Retrograde Intrarenal Surgery Versus Miniaturized Percutaneous Nephrolithotomy for Kidney Stones >1cm: A Systematic Review and Meta-Analysis of Randomized Trials - Beyond the Abstract

Two main endourological modalities standout today for kidney stones treatment, the retrograde intrarenal surgery (RIRS) and the percutaneous nephrolithotomy (PCNL), by and large, the former for small stones (< 2 cm) and the latter for larger stones (> 2 cm), but technological refinements have broadened both approaches’ indications. Moreover, the miniaturized PCNL (mPCNL) has proved to decrease bleeding, one of PCNL possible complications, while keeping excellent stone-free rates (SFR). Thus, there is an overlapping in the indications for medium-sized stones treatment, generating a constant debate on whether one outperforms the other in terms of effectiveness and safety.


In this PRISMA-compliant systematic review and meta-analysis of randomized trials, we aimed to gather the highest-quality evidence available comparing the effectiveness and safety of mPCNL and RIRS for treating > 1 cm kidney stones, to understand the strengths and limits of both approaches, and set how far we have come.

Seven randomized trials comparing mPCNL and RIRS were included, which reported some of the following outcomes: SFR, hemoglobin drop, transfusion rate, Clavien-Dindo complications, and hospital length of stay (LOS). Quality of evidence aroused some concerns according to the Cochrane Risk of Bias assessment tool, and the GRADE quality scale ranged from moderate to high. Noteworthy, all trials presented issues with risk of bias particularly in the SFR outcome; this was because none of the studies blinded the outcome assessors for the intervention.

From the included studies, 891 patients were treated either by mPCNL (n=441) or RIRS (n=450), of which 85% had lower-pole stones. The mPCNL turned out to be more effective, with a slightly higher SFR (RR: 1.06 [95% CI, 1.01–1.10], p = 0.008). Regarding bleeding, due to mPCNL’s more invasive nature, more bleeding is expected. In fact, hemoglobin drop was higher for mPCNL (MD: 0.35 [95% CI, 0.05–0.65] g/dl, p = 0.02), however, transfusion rates were similar [RD]: 0.01 [95% CI, –0.01 to 0.02], p = 0.45), as well as the Clavien-Dindo complication rates (RR: 1.20 [95% CI, 0.79–1.83], p = 0.39). Lastly, LOS was longer in mPCNL (MD: 1.11 [95% CI, 0.06–2.16] days, p = 0.04). A subgroups analysis going over lower-pole stones solely, found also that mPCNL is more effective (RR: 1.09 [95% CI, 1.00– 1.19] p = 0.05).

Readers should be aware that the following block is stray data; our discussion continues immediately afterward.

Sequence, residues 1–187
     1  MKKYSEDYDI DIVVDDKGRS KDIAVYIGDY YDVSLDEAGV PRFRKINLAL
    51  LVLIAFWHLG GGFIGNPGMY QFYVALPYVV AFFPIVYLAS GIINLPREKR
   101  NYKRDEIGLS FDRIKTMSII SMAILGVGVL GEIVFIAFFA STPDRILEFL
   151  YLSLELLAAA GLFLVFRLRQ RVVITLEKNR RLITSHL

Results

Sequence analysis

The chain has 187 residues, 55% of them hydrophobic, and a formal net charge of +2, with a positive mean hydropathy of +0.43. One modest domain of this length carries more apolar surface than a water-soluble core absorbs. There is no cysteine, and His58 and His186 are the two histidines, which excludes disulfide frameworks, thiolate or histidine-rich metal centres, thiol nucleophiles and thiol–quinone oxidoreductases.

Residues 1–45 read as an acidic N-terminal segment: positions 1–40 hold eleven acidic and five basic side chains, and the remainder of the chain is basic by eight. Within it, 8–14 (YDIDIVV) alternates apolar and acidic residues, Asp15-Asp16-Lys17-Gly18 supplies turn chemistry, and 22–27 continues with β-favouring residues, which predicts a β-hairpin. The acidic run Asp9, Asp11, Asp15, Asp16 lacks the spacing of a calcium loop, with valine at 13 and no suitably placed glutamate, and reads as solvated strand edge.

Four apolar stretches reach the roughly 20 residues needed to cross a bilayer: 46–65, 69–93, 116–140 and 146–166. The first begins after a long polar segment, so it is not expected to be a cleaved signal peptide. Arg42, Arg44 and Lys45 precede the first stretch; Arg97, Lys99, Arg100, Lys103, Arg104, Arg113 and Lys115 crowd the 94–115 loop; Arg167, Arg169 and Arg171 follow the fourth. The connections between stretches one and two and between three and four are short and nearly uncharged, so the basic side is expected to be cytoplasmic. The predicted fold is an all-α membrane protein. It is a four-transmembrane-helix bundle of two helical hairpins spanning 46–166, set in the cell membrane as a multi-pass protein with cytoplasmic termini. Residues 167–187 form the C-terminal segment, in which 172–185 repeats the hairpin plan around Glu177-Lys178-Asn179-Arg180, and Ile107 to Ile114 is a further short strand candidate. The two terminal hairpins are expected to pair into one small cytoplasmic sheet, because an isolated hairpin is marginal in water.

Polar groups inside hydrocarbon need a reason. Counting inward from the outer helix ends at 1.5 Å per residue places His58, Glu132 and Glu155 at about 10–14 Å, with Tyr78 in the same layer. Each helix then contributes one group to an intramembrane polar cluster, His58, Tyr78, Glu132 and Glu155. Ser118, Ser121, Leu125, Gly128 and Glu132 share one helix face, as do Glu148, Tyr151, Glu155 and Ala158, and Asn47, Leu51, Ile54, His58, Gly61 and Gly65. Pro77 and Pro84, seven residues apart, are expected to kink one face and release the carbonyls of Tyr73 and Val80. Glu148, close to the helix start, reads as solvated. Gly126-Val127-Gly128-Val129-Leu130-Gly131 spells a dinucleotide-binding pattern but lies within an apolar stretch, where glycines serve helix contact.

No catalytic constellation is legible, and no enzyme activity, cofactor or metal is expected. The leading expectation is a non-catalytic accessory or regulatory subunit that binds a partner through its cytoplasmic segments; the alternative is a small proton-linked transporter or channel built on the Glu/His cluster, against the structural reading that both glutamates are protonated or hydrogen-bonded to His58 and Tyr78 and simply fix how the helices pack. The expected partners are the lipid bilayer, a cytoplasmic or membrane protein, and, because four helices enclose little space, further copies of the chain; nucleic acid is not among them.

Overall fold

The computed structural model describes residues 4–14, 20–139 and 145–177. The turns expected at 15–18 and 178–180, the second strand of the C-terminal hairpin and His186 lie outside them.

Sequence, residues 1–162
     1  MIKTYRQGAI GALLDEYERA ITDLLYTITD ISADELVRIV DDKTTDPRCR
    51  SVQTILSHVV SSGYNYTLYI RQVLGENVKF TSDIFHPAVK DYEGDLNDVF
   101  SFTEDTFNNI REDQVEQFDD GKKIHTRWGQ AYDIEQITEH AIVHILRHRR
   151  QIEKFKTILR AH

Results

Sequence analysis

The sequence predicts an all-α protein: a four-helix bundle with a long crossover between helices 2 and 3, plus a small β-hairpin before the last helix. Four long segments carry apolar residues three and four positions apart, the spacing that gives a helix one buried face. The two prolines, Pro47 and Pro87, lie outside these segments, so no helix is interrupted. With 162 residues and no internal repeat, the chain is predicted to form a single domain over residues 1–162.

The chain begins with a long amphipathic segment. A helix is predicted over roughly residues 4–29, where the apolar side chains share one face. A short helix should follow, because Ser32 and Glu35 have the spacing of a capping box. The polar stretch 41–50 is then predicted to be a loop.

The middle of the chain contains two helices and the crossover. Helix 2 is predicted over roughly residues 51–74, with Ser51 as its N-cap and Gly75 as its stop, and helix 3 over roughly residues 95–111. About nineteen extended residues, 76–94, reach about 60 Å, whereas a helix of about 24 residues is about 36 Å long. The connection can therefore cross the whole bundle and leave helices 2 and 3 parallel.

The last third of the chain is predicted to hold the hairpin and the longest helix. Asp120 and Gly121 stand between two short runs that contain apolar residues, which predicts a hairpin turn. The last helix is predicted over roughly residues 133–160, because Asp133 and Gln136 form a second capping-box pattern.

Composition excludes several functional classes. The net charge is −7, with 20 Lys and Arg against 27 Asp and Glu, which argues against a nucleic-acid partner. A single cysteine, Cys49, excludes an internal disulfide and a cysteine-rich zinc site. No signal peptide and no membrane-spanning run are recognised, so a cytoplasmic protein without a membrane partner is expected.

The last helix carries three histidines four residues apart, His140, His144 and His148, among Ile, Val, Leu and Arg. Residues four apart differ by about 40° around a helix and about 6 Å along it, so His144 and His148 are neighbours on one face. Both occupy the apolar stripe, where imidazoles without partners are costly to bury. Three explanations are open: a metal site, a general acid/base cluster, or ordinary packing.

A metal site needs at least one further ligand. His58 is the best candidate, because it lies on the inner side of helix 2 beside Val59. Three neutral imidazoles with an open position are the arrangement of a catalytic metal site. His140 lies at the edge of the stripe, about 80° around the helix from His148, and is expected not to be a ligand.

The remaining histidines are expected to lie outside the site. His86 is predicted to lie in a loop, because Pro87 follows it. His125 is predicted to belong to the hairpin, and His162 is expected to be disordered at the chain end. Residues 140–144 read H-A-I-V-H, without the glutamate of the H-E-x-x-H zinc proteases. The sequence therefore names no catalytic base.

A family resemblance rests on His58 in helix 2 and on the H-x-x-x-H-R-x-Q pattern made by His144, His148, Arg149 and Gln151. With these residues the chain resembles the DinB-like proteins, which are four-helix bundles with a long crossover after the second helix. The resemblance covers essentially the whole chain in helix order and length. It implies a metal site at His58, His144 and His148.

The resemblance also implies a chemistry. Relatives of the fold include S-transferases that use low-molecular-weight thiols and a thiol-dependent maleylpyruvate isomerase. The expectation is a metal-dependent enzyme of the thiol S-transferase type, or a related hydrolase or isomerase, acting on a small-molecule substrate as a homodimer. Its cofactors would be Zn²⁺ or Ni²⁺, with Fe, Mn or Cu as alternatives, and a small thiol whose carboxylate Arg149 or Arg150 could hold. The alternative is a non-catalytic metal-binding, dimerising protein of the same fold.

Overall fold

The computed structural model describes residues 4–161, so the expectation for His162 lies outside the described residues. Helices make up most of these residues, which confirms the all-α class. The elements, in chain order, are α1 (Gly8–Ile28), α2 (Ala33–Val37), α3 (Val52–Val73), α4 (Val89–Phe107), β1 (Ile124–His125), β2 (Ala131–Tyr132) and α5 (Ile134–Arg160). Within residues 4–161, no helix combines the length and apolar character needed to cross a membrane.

Highest quality evidence available to date highlights that both approaches are equally safe, although mPCNL is slightly more effective in terms of SFR. Despite a higher hemoglobin drop is reported for mPCNL, there is no difference in transfusion rate between RIRS and mPCNL.

These results have to be interpreted acknowledging the following limitations: good cost-effectiveness analysis trials between both techniques are lacking, as well as surgical time comparisons, that was not included in this meta-analysis.

What to expect in future trials?

The primary endpoint of effectiveness, the SFR, must be consistently defined between trials, and ideally, only patients with zero fragments on computed tomography are considered stone-free, as well as the stone-volume, to make data uniform. Moreover, it is essential to blind the SFR outcome assessor for the intervention, to reduce bias. Moreover, further trials are expected to also include a quality-of-life endpoint, costs, and lower-pole stones relocation in RIRS.

Despite this still a controversial ever-growing debate, all things considered, surgeons are naturally encouraged to perform their most proficient approach, bearing in mind their strengths and limitations. Nevertheless, although narrow, we cannot look away from the non-negligible mPCNL better effectiveness.

Written by: Mario Basulto Martínez MD, MSc,1 Guido Giusti MD,2 Silvia Proietti, MD,3 Luis Alberto Dorantes-Carrillo, MD,4 Antonio Esqueda-Mendoza, MD,5 Juan Pablo Flores-Tapia, MD,5

  1. Assistant Professor, Department of Urology, Hospital Regional de Alta Especialidad de la Península de Yucatán, Merida, Mexico. 
  2. Head of the European Training Center in Endourology, Department of Urology, IRCCS San Raffaele Hospital, Milan, Italy. 
  3. European Training Center in Endourology, Department of Urology, IRCCS San Raffaele Hospital, Milan, Italy. 
  4. School of Medicine, Universidad Autónoma de Yucatán, Merida, Mexico. 
  5. Department of Urology, Hospital Regional de Alta Especialidad de la Península de Yucatán, Merida, Mexico. 

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